You seen to indicate that If True, the act of having been abused relinquishes this person from any responsibility of his murderous actions, and that they should all simply go free with no sentence for his/her crime. How do you determine that said person has been abused to the extent to absolve them of their crimes?

How do you apply this even in the case of premeditaded murder?

What exactly about the abuse makes the person non guilty of murder?



posted on Sep, 16 2012 @ 11:32 PM
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Originally posted by violet
reply to post by r2d246
 

I wasn't aware you could wander into maximum security prisons just to stare like tourists. Are you sure about this?
Each visitor has to be screened and approved ahead of time as a rule.

I agree the death penalty is wrong.

As for the case. Not knowing all the details I don't know if the sex abuse is relevant.
It should be brought up in court in an effort to lessen sentencing. It bears being mentioned. Just because the pervert bastard died doesn't mean he gets to take his dirty little secrets with him.




I haven't bothered to look it up. But about 5 years ago I read some book. They said something to the effect that going to see them was sort of becoming the new adventure tourism of sorts. So the tourists bring the inmates cakes and stuff like that. But they have to pay a significant amount to get on the tour. A few hundred bucks at least I'd imagine. It's nuts.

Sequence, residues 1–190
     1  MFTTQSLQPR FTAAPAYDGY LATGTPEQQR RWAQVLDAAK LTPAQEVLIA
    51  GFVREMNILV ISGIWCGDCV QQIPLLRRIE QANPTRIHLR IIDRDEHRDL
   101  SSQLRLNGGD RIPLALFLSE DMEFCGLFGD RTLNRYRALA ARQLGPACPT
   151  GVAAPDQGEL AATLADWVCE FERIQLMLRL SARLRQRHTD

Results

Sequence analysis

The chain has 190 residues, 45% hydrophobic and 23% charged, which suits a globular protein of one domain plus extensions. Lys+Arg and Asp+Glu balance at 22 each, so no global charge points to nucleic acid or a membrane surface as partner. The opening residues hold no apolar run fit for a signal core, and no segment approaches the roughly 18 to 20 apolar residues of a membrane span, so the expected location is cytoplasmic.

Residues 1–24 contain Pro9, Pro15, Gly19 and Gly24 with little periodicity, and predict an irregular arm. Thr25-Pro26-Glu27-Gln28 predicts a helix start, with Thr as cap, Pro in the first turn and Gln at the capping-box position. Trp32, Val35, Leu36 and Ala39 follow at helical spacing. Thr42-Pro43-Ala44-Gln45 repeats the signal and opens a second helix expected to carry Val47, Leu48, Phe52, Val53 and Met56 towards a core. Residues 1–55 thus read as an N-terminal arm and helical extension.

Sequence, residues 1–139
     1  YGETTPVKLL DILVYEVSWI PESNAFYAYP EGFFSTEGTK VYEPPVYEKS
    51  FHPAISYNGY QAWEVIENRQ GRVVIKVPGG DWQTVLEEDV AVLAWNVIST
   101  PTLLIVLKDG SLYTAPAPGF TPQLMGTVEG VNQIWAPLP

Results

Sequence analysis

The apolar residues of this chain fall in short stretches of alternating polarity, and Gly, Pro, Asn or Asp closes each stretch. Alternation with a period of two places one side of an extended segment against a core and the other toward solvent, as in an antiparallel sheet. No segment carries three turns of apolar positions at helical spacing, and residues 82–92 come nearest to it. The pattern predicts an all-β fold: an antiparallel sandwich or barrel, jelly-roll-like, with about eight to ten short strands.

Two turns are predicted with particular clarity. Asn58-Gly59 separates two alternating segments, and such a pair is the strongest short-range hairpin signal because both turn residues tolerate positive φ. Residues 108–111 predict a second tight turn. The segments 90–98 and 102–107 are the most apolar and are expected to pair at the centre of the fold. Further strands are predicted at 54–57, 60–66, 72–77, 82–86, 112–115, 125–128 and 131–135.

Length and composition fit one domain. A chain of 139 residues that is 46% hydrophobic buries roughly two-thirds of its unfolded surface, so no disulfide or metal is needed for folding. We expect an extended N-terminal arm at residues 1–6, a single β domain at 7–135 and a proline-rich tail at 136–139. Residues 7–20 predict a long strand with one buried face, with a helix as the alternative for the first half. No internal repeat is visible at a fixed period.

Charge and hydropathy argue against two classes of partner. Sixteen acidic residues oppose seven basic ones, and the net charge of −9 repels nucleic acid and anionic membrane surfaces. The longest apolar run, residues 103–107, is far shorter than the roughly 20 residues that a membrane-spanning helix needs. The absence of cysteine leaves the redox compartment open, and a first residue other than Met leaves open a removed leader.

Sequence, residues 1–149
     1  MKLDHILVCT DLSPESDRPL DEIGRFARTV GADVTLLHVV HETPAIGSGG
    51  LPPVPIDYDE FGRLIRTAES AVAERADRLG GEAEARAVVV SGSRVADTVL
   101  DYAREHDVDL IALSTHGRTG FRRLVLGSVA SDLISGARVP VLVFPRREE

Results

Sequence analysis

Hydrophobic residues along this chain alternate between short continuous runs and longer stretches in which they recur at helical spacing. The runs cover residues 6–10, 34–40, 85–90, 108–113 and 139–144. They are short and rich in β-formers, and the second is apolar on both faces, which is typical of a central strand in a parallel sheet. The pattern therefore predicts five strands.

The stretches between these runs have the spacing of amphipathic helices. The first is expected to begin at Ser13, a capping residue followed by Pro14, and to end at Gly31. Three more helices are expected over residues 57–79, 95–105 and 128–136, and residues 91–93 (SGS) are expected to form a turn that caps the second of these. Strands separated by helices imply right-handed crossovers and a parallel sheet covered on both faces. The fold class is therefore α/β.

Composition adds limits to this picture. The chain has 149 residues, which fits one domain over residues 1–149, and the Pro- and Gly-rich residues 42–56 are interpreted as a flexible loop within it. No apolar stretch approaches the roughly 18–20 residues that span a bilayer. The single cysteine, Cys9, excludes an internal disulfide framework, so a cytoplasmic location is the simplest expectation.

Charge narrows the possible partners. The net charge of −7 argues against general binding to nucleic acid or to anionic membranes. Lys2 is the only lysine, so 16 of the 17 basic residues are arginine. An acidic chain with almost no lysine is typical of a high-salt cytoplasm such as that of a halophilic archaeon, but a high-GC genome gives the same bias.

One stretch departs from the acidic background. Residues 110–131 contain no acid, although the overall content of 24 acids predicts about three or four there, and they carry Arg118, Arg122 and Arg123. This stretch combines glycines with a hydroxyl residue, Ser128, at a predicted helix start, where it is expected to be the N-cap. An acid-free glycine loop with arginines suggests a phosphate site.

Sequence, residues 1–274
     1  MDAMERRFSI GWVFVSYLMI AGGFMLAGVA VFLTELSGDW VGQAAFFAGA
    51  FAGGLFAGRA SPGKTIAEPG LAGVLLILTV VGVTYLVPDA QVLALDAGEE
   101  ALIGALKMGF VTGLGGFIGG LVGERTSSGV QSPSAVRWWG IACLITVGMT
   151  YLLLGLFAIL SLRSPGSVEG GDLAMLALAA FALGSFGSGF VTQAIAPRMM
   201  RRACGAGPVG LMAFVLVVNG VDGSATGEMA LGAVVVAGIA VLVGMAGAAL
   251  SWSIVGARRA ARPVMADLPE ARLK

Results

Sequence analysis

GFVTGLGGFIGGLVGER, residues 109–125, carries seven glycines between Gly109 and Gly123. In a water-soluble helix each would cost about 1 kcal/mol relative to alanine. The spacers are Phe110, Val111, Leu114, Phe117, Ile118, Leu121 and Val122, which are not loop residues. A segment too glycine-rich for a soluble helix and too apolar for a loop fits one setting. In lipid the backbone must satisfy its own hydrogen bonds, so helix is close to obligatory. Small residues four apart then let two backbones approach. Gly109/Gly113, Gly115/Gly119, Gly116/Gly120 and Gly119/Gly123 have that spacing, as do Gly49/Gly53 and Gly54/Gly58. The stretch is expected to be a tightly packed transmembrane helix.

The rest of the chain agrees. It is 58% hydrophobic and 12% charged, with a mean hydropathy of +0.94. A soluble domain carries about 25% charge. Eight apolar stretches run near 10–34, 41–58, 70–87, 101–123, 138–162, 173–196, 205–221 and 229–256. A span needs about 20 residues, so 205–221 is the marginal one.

posted on Sep, 17 2012 @ 02:03 AM
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reply to post by JohnPhoenix
 

I’ll try to answer your questions as I appreciate your asking without judging.


Do you guys think abuse then or proof of abuse should be used to keep someone from even being on trial for murder? How do you determine this and how does this negate pre-meditated murder?

Do I believe proof of abuse should keep someone from even being on trial for murder?

Yes, and no.

- If a victim of childhood sexual abuse - at any point during an attack fights back and kills their abuser there should be a trial to comply with the law and the trial should end in exoneration.

- If a victim of childhood sexual abuse kills their abuser without the provocation of an attack? This gets a little more complicated but again in most cases (if not all) my ‘vote’ would be for an acquittal.

Arguably, there’s no crime that produces more long lasting and devastating effects on a human than childhood rape/abuse. There’s no way to regain normalcy again. Ever. I’ll not go into the short and long term repercussions of childhood rape but if I was asked ‘What is a punishment that fits the crime?’ - My answer would be - death. Simple. (Again, with undisputed proof of said abuse).


You seen to indicate that If True, the act of having been abused relinquishes this person from any responsibility of his murderous actions, and that they should all simply go free with no sentence for his/her crime. How do you determine that said person has been abused to the extent to absolve them of their crimes?